The State Bank of Pakistan (SBP) kept its benchmark interest rate unchanged on Monday, as expected, and signalled rates would not change anytime soon because of easing inflationary pressures and improvement in external current account amid fiscal tightening.
KARACHI: The State Bank of Pakistan (SBP) kept its benchmark interest rate unchanged on Monday, as expected, and signalled rates would not change anytime soon because of easing inflationary pressures and improvement in external current account amid fiscal tightening.
“At today’s meeting, the Monetary Policy Committee (MPC) has decided to maintain the policy rate at 9.75 percent. Last time, the Monetary Policy Committee in December raised the policy rate by 100 basis points and in its forward guidance it had clearly said the rates would not need to rise in the near-term,” SBP Governor Dr Reza Baqir told in-person at a virtual news conference, unveiling the latest policy decision and releasing economic projections.
“We don’t see a case for a tighter monetary policy because of the fiscal consolidation after the enactment of the supplementary finance bill,” he added. The SBP sees moderation in the demand growth and the economic growth remains sustainable.
Inflation is expected to stay high in the near-term due to base effect and we could see more increase in January, compared with the previous month, but medium-term inflation outlook has improved, he said.
“The current account deficit is stabilising and after being stabilised we expect it will slow down gradually. We may see some improvement going forward. However, our projection for the current account deficit in FY2022 remains intact at $14 billion or 4 percent of GDP, but we see our non-oil deficit to be in surplus,” the SBP governor added.
The central bank struck a sanguine tone, confident the actions the government and it had taken so far were working. In the last policy, the MPC had considered the measures taken to lower inflation and keep the ongoing economic recovery sustainable.
These measures included a cumulative 275 basis point increase in the policy rate, higher bank cash reserve requirements, regulatory tightening of consumer finance, and curtailment of non-essential imports, said the latest policy statement.
The SBP said since the last meeting, some developments show signs of falling inflation supported by demand-moderating measures. "Recent economic growth indicators are appropriately moderating to a more sustainable pace. While year-on-year headline inflation is high and will likely remain so in the near-term due to base effects and energy prices, the momentum in inflation has slowed with month-on-month inflation flat in December compared to a significant rise of 3 percent in November," said the statement.
Inflation expectations of businesses have also declined considerably. The current account deficit appears to have stopped growing since November and the non-oil current account balance is expected to achieve a small surplus for FY2022, it added.
Finally, and importantly, the enactment of the recent Finance (Supplementary) Act, 2022 represents significant additional fiscal consolidation compared to the budget and has lowered the outlook for inflation in FY2023.
Pushing back on market bets for a rate rise as soon as March, the SBP said the policy rate was very likely to remain unchanged.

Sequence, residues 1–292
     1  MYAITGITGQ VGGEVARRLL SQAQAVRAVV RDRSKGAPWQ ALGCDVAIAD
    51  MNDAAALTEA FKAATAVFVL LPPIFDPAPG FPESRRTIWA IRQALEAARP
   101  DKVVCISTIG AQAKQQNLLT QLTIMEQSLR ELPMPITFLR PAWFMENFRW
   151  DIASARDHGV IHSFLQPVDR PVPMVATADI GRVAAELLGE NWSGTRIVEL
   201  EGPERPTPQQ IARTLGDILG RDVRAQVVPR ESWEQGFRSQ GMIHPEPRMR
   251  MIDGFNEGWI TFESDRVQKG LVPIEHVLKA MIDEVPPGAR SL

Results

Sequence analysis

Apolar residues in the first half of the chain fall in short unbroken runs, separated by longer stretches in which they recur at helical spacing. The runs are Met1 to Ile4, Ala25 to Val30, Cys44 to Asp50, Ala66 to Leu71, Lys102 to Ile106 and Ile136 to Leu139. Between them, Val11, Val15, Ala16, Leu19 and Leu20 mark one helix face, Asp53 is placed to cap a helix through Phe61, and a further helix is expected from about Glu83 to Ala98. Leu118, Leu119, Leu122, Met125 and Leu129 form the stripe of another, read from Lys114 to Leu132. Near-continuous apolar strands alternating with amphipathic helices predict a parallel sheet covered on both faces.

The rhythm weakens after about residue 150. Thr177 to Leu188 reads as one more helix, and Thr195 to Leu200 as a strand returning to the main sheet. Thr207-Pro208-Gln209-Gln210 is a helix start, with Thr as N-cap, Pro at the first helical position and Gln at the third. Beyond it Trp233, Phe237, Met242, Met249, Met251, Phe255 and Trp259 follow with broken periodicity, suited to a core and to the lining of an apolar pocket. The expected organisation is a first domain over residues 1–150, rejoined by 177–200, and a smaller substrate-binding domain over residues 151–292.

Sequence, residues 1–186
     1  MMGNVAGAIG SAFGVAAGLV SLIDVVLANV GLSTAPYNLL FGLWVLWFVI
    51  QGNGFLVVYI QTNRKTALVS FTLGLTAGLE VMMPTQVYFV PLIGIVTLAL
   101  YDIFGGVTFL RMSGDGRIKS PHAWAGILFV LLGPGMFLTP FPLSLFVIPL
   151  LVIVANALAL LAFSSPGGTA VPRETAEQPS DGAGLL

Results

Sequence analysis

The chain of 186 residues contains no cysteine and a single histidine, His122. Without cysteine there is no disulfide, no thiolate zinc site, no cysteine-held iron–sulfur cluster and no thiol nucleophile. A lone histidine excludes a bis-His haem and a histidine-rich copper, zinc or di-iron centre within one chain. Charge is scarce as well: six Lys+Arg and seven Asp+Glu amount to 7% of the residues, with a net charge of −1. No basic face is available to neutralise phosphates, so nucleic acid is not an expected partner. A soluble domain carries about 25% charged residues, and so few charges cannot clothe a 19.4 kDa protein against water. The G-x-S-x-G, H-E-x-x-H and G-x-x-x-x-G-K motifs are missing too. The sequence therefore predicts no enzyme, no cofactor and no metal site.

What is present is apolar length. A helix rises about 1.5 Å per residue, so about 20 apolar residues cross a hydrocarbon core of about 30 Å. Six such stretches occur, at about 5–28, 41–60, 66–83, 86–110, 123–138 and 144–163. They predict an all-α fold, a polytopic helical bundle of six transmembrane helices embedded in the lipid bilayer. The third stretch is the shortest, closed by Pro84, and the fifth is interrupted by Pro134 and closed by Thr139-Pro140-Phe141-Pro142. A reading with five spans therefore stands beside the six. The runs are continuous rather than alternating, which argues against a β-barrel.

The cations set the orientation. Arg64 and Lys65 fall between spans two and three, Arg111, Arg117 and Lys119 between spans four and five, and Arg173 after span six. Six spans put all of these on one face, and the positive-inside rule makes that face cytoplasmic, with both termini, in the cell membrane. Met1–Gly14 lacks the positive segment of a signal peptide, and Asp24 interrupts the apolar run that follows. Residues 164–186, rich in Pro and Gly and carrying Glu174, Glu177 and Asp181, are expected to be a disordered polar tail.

“Looking ahead, and against the backdrop of these developments that have improved the inflation outlook, the MPC was of the view that current real interest rates on a forward-looking basis are appropriate to guide inflation to the medium-term range of 5-7 percent, support growth, and maintain external stability. If future data out turns require a fine-tuning of monetary policy settings, the MPC expected that any change would be relatively modest.”
The SBP has its FY2022 inflation forecast of 9-11 percent intact. “Together with low base effects, one-off cost-push pressures from energy tariff increases and the removal of tax exemptions in the Finance (Supplementary) Act are likely to keep year-on-year inflation elevated over the next few months, close to the upper end of the average inflation forecast of 9-11 percent in FY22.”
However, during FY2023, inflation would likely decline toward the medium-term target range of 5-7 percent more quickly than previously forecast as demand-side pressures wane faster.
“Overall, growth in FY2022 is expected around the middle of the forecast range of 4-5 percent, slightly lower than previous expectations in light of moderating demand indicators and higher base effects from the upward revision in last year’s growth rate,” the statement said.
Risks to the outlook include, on the domestic front, the current growing Omicron wave and, on the external front, the possibility of faster than anticipated tightening by the US Federal Reserve and geopolitical events in Europe that might have implications for global financial conditions, according to the statement.
Looking ahead, the current account deficit was expected to decline through the remainder of FY2022, as import growth slows in response to a normalisation of global commodity prices and the fuller impact of demand-moderating measures.
Indeed, the non-oil current account deficit was less than one-fourth the record levels reached during the first half of FY18. The current account projection was subject to risks on both sides. On the one hand, the deficit could be larger if global commodity prices take longer to normalise. Or, it could be smaller if the fiscal consolidation has a faster and more pronounced impact on demand.